Thursday, December 06, 2007

How to have a good practice

if you're me:

  • the night before, right before bed, stretch the tight spots. You know what they are.
  • wake up early enough to take a shower, not a bath. At least this time of year when the temptation to stay in the bath too long is too great.
  • during shower, do the following stretches: standing forward bend, gomukhasana arms, squat and twist. If possible, do kneeling version of Parivritta Parsvakonasana and bind. Take as long as needed for this to warm up the spine. Sit on shower floor (if your shower floor is nice and clean!) and take a "camel ride" (seated cat-cows with hands on shins) and then draw circles in the air with your navel (you need a decent sized shower for this, but I do, and this is about me).
  • drink a cup of chai made with almond milk and two Yogi Tea Black Chai teabags, steeped for at least five minutes.
  • drive to shala with heat at full blast.
  • at shala, just get started without any prep nonsense - you did the prep at home.

I had such a nice practice today. LOTS of pre-practice preparations makes for such a better practice for me. I'm lucky I have the time for it. I wonder what my practice would be like if I didn't. Probably, I would have quit by now because I would always feel tight and horrible, at least in the wintertime. Oni helped me bigtime today in Kurmasana - slowly working my belly to the floor and putting me into Supta K. I always wince as the ankles come together. Once I get over that, progress will have been made. Until then, I have some fears to work out. This is why I am in need of assistance on Supta K. Without assistance, I get into the posture myself with the least amount of depth possible, just lighly crossing the feet or ankles. THIS is what I came to Mysore practice for in the first place- getting deeper and confronting the fears about it.

Also managed to hold a good solid Pasasana on both sides without anyone holding me up. Damn, but it's tough to balance in that one. And in Bhekasana, after the assist, I managed to stay there with chest upright for another couple of breaths.

Backbendng was okay. Nothing to write home about. I used a strap today to try to figure out what it is my arms are supposed to be doing and feeling. There is such a disconnect for me there. My wrists feel horrible most of the time and I really can't feel myself recruiting my nice strong shoulders to press up. Instead, I'm using my puny weak wrists and forearms. When I use the strap, I am able to actively recruit the shoulders and triceps. I just still haven't figured out why, nor have I figured out how to reproduce that work without the strap's silent but incredibly effective coaching.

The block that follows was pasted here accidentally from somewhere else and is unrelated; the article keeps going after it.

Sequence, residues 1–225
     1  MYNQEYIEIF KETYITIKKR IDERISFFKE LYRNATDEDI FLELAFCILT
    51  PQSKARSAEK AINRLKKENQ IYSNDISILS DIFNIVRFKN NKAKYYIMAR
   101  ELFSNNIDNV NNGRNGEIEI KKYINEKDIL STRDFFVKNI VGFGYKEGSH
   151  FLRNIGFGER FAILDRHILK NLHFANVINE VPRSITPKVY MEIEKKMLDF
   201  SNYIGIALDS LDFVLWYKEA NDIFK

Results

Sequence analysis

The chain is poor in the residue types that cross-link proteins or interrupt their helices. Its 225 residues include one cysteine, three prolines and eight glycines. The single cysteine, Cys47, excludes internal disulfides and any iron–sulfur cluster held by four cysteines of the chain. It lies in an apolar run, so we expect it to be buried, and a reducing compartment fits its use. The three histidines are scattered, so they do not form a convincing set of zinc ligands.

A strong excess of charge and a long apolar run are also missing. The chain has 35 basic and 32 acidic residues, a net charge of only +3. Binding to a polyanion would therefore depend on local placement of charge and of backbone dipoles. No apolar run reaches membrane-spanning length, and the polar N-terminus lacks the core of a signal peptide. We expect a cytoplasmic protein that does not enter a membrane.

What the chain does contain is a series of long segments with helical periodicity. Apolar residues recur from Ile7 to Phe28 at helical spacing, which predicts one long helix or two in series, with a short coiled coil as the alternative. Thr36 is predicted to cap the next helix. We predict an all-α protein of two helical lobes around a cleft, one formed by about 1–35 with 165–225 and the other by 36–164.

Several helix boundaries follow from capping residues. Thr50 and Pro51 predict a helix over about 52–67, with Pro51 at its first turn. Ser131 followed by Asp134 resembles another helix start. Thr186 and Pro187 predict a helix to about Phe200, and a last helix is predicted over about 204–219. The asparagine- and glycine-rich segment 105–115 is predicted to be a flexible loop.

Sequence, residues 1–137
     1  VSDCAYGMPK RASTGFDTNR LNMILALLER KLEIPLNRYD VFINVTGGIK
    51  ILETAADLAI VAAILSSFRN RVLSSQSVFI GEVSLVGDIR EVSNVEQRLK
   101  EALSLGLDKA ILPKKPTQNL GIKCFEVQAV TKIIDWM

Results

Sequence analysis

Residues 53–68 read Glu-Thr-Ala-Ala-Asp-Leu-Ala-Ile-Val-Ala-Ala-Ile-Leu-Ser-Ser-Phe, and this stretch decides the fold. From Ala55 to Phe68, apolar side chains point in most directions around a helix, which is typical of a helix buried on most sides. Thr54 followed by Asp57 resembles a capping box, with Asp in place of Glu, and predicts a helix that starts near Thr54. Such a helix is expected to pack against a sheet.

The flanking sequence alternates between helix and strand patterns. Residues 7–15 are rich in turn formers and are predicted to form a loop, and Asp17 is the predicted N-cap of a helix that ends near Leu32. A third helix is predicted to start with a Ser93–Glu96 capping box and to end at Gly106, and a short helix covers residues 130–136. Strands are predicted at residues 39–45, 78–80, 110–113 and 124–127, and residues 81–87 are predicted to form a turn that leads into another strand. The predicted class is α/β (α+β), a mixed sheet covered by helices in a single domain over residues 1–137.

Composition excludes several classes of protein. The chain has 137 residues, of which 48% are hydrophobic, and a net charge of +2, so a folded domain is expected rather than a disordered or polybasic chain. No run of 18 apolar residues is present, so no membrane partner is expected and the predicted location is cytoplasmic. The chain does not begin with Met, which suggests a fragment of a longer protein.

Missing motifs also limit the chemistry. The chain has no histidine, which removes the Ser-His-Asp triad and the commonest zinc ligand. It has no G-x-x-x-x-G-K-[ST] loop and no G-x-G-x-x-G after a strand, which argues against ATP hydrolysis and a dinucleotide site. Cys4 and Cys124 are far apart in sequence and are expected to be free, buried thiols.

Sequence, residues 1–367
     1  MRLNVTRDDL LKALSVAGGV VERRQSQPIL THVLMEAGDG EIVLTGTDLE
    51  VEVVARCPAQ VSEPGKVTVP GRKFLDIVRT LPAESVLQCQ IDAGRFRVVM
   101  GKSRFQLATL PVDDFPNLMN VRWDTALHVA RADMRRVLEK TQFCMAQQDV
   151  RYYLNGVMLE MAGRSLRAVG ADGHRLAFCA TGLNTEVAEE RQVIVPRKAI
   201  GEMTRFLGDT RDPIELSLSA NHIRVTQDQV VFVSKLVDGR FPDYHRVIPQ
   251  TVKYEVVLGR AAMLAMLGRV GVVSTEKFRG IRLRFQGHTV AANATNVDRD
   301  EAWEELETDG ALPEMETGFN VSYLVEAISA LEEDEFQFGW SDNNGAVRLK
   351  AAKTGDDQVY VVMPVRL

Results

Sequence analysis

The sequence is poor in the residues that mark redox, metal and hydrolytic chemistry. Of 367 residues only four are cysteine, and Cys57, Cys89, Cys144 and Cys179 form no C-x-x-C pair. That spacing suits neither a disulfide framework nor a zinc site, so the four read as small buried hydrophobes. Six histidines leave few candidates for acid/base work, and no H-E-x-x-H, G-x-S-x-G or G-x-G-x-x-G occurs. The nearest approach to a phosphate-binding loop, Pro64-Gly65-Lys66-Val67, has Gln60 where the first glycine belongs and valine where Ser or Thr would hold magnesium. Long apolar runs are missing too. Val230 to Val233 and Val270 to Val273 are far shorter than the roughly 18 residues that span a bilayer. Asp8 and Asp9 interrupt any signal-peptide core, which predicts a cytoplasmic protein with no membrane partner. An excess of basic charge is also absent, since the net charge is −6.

OK, so here's another place where I am not buying into the system wholeheartedly: I think props are useful for such "coaching" and for passive stretching, as well as for binding in poses that usually require assistance when there is no assistance to be had. I wouldn't make a habit of using a prop, and I would always hope to stay mindful of when a prop has outlived its utility. But I do not see how I could have possibly come this far without my judicial use of props (and prep).

But here's a place where I am rigidly system-biased: My husband asked me today if I had heard of a particular Ashtanga teacher who teaches on Long Island. I said no, but noted that she still might be totally legit even if her name is not on the short list of authorized teachers. Then the husband said that she comes into the city on a regular basis to practice with Dharma Mittra. that's when I said, "Oh. She must not really be an Ashtangi."

Hrmph. A little Ashtanga-snot-ass, I am.

Can one be an Ashtangi but practice on a regular basis with Dharma Mittra?



Carl said...

I can't picture how the straps might free the shoulders to do more work. The angle your arms make with the floor in your backbending photos suggests to me that your shoulders are sort of locked backward by the force of pushing upward. When I straighten my legs so that my arms become more vertical, that restraining force lessens and my shoulders become more free to allow the "spiraling" of the arms. And my arms feel more springy too -- like I can bounce on them if I want.